Initially I sorted everything into just two piles, stash and destash, which took no time at all. I had already formulated a plan for the destash items, and further sorted them with the help of my handy flowchart:
A childhood of making patchwork Christmas decorations from tiny pieces of fancy fabrics had trained me to keep leftovers, but I could recognise that these were not useful to the sewing that interests me now, and were very unlikely to be useful to anyone. These, along with damaged pieces went to the textile recycling bank (hopefully some of it will end up being recycled into low-grade but useful materials like insulation and padding).
There was still a huge amount of stuff in the destash pile and, while assigning a monetary value to things is a mindset that often contributes to clutter, there were some beautiful and collectable pieces that might be worth selling. There were also a lot that weren’t, but might be useful to someone, so I separated those out.
Many charity shops don’t accept fabric remnants, but I learned from Declutter Your Sewing Space that Salvation Army shops do, and I also discovered that my local one is a favourite with quilters looking for fabric. I trundled off there with a trolley and a rucksack full of fabrics, patterns and trimmings (honestly, there was so much), which were gratefully accepted. The weird thing is, that despite it being mountain of fabric, I am struggling to remember a single thing that was in that pile. It turns out that fabrics don’t carry the emotional baggage I feared they might.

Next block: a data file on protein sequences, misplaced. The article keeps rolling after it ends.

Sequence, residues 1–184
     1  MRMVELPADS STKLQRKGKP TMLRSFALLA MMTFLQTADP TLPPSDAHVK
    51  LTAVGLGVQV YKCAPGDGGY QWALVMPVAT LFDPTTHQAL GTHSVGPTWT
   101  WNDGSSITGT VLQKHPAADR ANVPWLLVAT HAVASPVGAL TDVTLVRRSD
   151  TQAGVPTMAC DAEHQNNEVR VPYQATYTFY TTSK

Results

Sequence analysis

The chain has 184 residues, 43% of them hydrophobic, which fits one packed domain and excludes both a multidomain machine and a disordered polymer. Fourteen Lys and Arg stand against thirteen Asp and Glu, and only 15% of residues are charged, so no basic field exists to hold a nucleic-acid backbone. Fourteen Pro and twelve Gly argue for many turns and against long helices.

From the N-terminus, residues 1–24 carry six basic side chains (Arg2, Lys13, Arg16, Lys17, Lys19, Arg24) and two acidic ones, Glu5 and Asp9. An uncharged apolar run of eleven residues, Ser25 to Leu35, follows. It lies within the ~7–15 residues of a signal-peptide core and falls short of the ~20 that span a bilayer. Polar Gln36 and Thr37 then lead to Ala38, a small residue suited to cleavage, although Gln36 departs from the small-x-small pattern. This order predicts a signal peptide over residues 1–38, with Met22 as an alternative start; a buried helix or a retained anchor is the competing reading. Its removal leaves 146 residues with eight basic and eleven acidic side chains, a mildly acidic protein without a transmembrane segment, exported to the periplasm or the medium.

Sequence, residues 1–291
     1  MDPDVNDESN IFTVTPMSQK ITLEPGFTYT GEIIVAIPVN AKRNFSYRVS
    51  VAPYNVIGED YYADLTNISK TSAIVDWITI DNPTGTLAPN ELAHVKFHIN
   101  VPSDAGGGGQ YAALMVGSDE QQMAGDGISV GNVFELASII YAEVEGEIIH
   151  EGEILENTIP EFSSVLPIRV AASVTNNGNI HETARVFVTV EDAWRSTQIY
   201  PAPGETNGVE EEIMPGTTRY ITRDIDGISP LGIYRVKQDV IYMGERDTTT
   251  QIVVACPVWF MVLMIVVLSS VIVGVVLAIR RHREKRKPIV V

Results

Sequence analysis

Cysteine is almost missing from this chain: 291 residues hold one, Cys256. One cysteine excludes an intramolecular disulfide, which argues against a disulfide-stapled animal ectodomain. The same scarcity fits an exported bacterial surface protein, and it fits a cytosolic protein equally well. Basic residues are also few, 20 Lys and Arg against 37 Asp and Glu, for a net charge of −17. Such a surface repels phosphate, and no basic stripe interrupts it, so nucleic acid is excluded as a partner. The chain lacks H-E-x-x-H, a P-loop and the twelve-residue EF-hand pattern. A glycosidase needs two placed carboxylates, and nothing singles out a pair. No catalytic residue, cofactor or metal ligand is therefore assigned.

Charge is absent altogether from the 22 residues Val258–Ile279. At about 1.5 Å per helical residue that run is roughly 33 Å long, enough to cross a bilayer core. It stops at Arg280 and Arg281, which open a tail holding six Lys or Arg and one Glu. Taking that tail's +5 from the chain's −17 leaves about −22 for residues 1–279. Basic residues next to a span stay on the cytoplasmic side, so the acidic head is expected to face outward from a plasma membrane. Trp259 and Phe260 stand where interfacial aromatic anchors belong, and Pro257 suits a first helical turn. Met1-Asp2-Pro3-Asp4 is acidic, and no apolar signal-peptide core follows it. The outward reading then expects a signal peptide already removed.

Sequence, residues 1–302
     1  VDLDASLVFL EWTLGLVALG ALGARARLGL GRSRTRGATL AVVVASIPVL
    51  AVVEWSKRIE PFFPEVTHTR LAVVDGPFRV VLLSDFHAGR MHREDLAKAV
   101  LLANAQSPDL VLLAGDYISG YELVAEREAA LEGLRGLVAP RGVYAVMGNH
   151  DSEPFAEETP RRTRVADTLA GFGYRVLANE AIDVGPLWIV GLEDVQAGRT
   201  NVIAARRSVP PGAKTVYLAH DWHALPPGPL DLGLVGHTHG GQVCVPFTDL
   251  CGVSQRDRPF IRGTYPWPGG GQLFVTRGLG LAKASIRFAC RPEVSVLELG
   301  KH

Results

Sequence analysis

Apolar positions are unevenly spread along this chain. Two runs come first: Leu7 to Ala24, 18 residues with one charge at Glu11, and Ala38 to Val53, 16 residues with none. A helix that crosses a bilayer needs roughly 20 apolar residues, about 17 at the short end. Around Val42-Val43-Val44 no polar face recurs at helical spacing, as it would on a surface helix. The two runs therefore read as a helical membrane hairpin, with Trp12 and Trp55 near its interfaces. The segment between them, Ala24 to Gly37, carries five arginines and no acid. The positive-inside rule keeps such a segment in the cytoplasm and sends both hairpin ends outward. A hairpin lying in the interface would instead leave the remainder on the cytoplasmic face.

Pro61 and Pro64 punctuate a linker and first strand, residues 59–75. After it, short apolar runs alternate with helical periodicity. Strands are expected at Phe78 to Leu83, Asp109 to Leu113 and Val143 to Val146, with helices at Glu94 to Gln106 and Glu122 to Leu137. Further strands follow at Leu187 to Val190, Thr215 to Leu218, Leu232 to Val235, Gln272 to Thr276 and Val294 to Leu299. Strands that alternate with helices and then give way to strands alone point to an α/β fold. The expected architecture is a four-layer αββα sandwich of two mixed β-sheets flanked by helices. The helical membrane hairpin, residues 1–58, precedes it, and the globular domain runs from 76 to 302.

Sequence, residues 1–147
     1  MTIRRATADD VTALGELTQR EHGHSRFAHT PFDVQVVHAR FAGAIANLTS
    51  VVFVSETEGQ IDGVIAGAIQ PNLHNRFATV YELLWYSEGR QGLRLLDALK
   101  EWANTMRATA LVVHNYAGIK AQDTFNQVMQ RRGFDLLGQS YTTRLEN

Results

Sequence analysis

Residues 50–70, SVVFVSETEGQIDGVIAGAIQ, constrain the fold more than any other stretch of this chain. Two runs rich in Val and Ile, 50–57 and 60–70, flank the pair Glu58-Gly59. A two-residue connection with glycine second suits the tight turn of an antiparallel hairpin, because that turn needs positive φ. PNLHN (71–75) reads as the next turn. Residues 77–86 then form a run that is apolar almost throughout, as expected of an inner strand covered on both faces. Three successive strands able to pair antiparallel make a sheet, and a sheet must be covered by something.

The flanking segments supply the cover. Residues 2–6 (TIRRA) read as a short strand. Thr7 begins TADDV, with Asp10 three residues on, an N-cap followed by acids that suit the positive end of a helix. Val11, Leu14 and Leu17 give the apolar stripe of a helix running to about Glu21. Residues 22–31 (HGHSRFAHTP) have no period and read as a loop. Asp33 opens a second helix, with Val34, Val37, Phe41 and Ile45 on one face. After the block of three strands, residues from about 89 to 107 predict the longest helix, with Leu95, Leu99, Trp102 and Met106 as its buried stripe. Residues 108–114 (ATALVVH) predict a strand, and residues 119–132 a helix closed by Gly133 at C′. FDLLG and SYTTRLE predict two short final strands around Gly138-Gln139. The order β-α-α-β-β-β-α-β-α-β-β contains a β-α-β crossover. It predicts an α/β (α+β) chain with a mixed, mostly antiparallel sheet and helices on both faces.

I was left with about two boxes worth, with which I decided to hold a destash sale on eBay. That meant measuring, photographing and listing 21 items. I’m not sure the value of these would have justified the work for me, but I was not doing it for my own financial gain – my destash sale raised money for Women’s Aid, which made it totally worthwhile.
Some of these pieces were quite substantial (the largest was 4.5m long), some unusual (hand printed Tahitian cotton), totally unique (a custom digital print of my own design), expensive (lots of British-woven suiting) and special in other ways (leftover bridal lace and ribbon) and I felt that the deserved good homes, and homes they found! I intended to announce the sale right here on the blog, but most of the pieces sold before I had the chance! The vintage fabrics I had collected for bag-making disappeared particularly quickly. The current total stands at just under £100 raised for Women’s Aid, which I am thrilled about. I do still have items remaining in the destash sale, including beautiful wool suit fabrics. I will close the sale in a week or two and everything that’s left will go to the lucky Salvation Army.